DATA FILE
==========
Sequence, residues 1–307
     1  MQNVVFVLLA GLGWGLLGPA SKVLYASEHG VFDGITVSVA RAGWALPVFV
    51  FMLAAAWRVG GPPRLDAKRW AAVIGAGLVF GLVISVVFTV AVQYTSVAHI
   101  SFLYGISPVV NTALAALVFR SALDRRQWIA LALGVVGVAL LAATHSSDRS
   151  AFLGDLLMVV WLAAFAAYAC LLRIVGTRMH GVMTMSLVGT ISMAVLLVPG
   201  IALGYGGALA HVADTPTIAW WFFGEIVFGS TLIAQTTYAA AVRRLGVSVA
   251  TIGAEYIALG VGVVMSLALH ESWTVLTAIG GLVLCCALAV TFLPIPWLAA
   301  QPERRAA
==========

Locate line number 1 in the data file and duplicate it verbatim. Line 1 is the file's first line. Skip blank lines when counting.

Sequence, residues 1–307